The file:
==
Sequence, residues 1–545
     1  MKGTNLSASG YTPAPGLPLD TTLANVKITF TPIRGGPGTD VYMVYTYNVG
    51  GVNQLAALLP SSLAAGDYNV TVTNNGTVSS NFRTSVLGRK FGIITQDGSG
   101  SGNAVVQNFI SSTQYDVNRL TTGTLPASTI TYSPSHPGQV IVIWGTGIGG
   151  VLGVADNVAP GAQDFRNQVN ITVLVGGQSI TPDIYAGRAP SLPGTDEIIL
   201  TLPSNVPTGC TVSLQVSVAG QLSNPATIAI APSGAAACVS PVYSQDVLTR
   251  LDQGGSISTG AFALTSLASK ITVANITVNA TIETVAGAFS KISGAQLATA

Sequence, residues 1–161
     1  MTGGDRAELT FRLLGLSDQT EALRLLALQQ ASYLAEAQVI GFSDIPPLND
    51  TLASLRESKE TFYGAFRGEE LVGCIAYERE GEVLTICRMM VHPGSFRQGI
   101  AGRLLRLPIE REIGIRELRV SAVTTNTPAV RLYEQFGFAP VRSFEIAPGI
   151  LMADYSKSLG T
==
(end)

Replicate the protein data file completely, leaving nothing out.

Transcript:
Sequence, residues 1–545
     1  MKGTNLSASG YTPAPGLPLD TTLANVKITF TPIRGGPGTD VYMVYTYNVG
    51  GVNQLAALLP SSLAAGDYNV TVTNNGTVSS NFRTSVLGRK FGIITQDGSG
   101  SGNAVVQNFI SSTQYDVNRL TTGTLPASTI TYSPSHPGQV IVIWGTGIGG
   151  VLGVADNVAP GAQDFRNQVN ITVLVGGQSI TPDIYAGRAP SLPGTDEIIL
   201  TLPSNVPTGC TVSLQVSVAG QLSNPATIAI APSGAAACVS PVYSQDVLTR
   251  LDQGGSISTG AFALTSLASK ITVANITVNA TIETVAGAFS KISGAQLATA

Sequence, residues 1–161
     1  MTGGDRAELT FRLLGLSDQT EALRLLALQQ ASYLAEAQVI GFSDIPPLND
    51  TLASLRESKE TFYGAFRGEE LVGCIAYERE GEVLTICRMM VHPGSFRQGI
   101  AGRLLRLPIE REIGIRELRV SAVTTNTPAV RLYEQFGFAP VRSFEIAPGI
   151  LMADYSKSLG T